Dual-band routers that offer both a 2.4GHz and a 5GHz network are old news these days. Tri-band routers are a more recent invention and go a stage further by adding a second 5GHz network so you can spread your traffic across the two 5GHz channels, to reduce the likelihood of congestion.
It won’t make your Wi-Fi any faster, but there’s less chance of it slowing down when your network gets busy. To date, this option for a third network has only appeared on very expensive routers, such as the Netgear Nighthawk AC3200, which cost in excess of £200.
Enter TP-Link with the Archer C3200. This tri-band router is significantly cheaper than the competition – we spotted it on Amazon for £166.98 – making the addition of a third network to your home Wi-Fi an affordable proposition. You could use it to set up your own private 5GHz channel to connect your devices to, and keep the password secret. For households where the kids’ YouTube consumption gets in the way of your own streaming requirements, it could be a godsend.
Set up and performance
Setting up the Archer C3200 is very straightforward. It’s a standard router that doesn’t have its own modem, so you’ll need to connect your existing router or modem to it using an Ethernet cable. You’ll be able to access the wireless networks as soon as you turn on the router, using the login information printed on the bottom.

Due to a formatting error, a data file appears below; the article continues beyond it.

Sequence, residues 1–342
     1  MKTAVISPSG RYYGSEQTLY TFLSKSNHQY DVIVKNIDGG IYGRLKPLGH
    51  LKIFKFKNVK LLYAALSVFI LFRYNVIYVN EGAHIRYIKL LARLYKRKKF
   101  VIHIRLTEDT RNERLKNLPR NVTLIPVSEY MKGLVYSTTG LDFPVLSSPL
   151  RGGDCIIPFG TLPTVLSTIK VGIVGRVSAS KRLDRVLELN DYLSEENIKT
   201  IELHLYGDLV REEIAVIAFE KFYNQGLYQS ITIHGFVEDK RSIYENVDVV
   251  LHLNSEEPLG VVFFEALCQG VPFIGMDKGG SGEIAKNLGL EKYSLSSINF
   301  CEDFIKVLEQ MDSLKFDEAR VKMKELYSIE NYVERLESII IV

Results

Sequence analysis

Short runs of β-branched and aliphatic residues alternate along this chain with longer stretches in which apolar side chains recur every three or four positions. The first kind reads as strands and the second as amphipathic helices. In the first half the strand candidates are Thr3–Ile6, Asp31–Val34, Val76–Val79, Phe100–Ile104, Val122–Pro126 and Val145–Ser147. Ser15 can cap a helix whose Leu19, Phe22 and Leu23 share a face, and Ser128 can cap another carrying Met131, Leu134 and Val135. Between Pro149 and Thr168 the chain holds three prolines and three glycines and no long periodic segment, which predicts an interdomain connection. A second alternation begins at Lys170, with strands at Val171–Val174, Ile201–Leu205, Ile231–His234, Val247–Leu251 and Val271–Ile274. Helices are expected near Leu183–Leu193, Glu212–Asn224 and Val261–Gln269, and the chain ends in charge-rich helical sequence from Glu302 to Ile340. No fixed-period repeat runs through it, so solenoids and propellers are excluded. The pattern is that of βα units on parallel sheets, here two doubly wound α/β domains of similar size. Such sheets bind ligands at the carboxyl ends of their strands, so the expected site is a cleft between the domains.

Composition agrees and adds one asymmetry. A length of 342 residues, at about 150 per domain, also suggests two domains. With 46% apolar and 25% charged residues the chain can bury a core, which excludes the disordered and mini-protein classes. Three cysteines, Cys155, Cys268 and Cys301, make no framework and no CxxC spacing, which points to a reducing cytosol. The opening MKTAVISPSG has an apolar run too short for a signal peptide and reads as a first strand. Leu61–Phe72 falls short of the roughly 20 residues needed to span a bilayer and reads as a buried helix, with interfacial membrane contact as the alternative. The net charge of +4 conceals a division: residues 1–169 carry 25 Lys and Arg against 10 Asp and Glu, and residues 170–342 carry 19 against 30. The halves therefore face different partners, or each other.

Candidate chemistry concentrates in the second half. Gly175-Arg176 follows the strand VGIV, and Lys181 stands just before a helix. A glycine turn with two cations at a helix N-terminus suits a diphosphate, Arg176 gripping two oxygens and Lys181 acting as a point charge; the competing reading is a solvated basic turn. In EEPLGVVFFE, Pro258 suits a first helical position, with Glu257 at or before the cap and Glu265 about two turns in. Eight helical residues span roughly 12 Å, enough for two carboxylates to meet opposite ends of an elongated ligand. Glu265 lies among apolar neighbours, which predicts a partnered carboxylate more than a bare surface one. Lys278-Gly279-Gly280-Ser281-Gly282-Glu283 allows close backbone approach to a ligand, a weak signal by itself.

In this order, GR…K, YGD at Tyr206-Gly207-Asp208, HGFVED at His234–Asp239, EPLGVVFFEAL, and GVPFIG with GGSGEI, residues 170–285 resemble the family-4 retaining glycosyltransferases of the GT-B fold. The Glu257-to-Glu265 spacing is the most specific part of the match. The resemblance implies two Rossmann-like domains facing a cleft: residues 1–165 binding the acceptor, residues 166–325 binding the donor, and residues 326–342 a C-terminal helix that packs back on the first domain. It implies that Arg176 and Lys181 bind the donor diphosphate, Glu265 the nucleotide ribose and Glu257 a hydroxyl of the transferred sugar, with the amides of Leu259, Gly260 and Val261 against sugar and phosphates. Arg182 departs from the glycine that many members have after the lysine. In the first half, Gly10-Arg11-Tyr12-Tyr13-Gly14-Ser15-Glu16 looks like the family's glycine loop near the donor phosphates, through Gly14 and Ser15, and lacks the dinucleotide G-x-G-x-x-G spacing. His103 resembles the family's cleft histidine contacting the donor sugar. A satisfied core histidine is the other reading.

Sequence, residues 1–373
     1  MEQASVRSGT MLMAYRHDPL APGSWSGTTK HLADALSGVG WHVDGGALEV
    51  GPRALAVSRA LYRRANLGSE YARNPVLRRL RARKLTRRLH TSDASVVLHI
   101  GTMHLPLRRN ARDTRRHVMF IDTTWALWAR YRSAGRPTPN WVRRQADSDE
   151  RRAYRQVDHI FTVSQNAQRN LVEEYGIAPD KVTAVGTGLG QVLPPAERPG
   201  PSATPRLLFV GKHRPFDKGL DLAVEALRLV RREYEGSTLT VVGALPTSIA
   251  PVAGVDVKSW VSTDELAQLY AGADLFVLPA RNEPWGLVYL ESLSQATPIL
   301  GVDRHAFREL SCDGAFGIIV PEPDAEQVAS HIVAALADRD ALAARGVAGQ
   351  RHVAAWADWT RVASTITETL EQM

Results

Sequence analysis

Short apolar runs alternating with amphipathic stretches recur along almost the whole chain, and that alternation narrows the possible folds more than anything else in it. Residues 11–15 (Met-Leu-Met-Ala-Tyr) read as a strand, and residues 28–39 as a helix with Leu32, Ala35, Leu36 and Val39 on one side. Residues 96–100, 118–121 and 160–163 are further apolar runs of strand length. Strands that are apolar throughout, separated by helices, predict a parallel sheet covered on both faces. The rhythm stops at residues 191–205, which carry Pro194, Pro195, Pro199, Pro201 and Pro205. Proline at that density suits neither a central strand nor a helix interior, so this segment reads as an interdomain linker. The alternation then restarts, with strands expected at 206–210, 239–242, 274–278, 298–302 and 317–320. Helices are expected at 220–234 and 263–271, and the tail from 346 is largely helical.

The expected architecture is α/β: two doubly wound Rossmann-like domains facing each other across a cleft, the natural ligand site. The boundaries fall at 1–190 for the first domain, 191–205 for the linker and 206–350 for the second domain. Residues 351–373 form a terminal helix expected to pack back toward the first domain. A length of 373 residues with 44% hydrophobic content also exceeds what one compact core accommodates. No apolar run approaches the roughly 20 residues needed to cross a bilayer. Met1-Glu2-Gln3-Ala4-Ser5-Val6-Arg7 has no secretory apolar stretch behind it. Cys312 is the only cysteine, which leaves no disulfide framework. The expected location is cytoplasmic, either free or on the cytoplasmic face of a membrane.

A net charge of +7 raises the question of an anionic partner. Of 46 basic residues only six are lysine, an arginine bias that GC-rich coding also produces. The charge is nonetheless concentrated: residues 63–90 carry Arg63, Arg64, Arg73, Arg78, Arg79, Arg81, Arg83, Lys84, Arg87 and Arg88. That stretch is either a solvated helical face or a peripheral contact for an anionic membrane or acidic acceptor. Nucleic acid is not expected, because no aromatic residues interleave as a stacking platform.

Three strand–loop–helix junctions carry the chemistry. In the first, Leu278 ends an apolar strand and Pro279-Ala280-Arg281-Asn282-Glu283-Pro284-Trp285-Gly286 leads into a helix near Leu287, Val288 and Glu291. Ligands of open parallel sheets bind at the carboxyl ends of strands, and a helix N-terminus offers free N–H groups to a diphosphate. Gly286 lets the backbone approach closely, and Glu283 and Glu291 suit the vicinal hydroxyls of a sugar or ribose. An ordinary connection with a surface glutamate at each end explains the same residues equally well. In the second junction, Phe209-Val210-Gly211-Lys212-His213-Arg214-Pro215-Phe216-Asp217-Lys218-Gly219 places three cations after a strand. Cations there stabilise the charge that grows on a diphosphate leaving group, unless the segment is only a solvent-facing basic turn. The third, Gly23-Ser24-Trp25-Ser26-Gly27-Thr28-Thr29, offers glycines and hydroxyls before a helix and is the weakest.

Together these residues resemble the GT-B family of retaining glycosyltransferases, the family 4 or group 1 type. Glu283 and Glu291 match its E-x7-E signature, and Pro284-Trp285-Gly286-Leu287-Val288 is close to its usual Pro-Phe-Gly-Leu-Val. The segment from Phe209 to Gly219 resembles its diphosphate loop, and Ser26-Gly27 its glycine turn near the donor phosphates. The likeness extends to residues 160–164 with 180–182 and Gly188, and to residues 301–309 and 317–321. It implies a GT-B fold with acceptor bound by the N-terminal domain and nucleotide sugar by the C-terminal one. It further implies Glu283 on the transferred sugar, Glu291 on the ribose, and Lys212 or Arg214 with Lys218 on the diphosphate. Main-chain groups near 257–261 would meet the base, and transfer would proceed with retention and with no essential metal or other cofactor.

To configure the router, you log into a special web page.
It performed well in our tests, particularly at a distance on the 5GHz network.
This is well designed and easy to use, with a wizard to help you configure the basic settings; a Basic tab for simple tasks such as changing the Wi-Fi passwords; and an Advanced tab where the most technical settings are kept.
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We tested the router by timing how long it took to send a standard set of files from an external USB 3 SSD, connected to the router, to a PC equipped with an 802.11ac Wi-Fi adapter. We compared the results to the same test run on a Netgear R6300 (a dual-band model costing around £70) and a Linksys WRT1900ACS with upgraded antennas (around £260 in total).
Using the the 5GHz network to reach a distant room, the TP-Link significantly outperformed both of the other routers, with transfer speeds of 12MB/s, but it wasn’t as fast as the Linksys model in the same room. TP-Link’s 2.4GHz network was faster than Netgear’s router in the same room, but performance on this frequency dropped off when we moved to a distant room, failing to match the Linksys model’s optional powerboosting antennas.
■ 802.11ac/n/g/b Wi-Fi
■ 1 x 2.4GHz, 2 x 5GHz networks
■ 4 x Gigabit Ethernet ports
■ lx Ethernet WAN port
■ 1 x USB 3 port
■ 1 x USB 2 port
■ 6 antennas
■ Guest network
■ Parental controls
■ 200 x200 x39mm
The idea of a private network you can keep to yourself is extremely tempting, and TP-Link has brought this option to a sub-£200 device, undercutting other tri-band routers by at least £30. It performed well in our tests, particularly at a distance on the 5GHz network, which is exactly where its power needs to be concentrated.
It’s not as slick to set up and configure as some of its rivals, but there’s nothing here that would confuse anyone who’s happy to explore their router’s settings.